Defining your activities
Break down the curation lifecycle
Activities are a critical component that must be taken into account for any cost assessment. Operational processes in any organisation may be large scale and complex, so breaking them down into specific activities is important. Activities should relate to a measurable amount of work performed by systems and/or people to produce a specific outcome.
Costing exercises should reflect the full range of activities over the curation lifecycle - from the point of creation through to access and reuse. Remember that these activities may occur within different operational units and budget centres. As such, you may need to collaborate with other operational units within your organisation to get an accurate snapshot of your current spend.
Take account of adjustments
When costing activities, you should include any service adjustments that may affect the overall cost of operation. Such adjustments may relate to the quality of the services you are providing - that is, the levels of service and support on offer. Additional quality considerations may need to be factored in such as any costs relating to external audit and certification processes that your organisation undertakes.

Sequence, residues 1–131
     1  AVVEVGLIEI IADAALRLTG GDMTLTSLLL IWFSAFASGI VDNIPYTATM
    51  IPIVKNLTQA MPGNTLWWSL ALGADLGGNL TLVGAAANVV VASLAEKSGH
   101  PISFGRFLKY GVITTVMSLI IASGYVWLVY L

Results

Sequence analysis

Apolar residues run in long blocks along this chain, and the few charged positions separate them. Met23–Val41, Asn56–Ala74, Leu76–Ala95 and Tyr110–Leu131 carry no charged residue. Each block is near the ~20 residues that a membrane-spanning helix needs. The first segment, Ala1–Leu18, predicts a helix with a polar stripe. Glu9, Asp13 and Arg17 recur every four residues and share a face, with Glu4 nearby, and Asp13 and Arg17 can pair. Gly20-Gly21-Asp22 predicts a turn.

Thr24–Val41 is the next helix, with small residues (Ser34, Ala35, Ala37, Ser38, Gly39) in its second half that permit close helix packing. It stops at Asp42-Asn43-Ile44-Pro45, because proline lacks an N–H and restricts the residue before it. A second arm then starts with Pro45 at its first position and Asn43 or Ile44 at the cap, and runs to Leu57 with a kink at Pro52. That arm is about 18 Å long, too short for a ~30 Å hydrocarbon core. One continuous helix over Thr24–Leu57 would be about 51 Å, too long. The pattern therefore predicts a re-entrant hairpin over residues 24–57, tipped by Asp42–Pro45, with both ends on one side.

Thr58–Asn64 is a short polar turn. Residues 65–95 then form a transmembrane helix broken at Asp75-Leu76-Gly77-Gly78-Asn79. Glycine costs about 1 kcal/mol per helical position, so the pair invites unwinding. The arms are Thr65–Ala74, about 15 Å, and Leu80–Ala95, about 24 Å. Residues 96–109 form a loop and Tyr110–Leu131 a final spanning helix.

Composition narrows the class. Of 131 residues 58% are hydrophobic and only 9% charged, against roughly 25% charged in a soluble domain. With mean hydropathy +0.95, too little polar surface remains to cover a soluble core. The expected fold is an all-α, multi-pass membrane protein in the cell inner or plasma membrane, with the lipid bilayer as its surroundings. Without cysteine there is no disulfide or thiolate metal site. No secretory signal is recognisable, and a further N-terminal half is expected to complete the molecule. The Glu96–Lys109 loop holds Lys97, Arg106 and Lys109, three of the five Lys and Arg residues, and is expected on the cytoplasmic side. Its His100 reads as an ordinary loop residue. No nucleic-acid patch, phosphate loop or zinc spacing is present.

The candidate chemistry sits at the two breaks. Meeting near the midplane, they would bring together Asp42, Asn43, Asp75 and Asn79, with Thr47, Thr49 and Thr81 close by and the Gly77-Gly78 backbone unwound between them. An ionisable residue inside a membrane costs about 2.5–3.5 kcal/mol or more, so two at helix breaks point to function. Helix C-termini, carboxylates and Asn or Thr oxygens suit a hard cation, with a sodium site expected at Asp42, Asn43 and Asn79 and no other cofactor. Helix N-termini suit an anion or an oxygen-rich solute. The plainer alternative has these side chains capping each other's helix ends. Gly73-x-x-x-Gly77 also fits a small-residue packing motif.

You should also consider adjustments that are made in relation to the assets themselves. Asset-related adjustments include the quantity of assets expressed as numbers of items or by data volume, and the properties of the assets in terms of their type and complexity. Identifying the quantity of assets being costed at a given point in time is important. In addition, being able to estimate the potential increase in the number or volume of assets is vital for supporting forward planning. In this respect, you may need to initiate requirements gathering exercise with both internal employees and external stakeholders.
Now you know about activity cost concepts, continue with our description of how the core cost concepts fit together.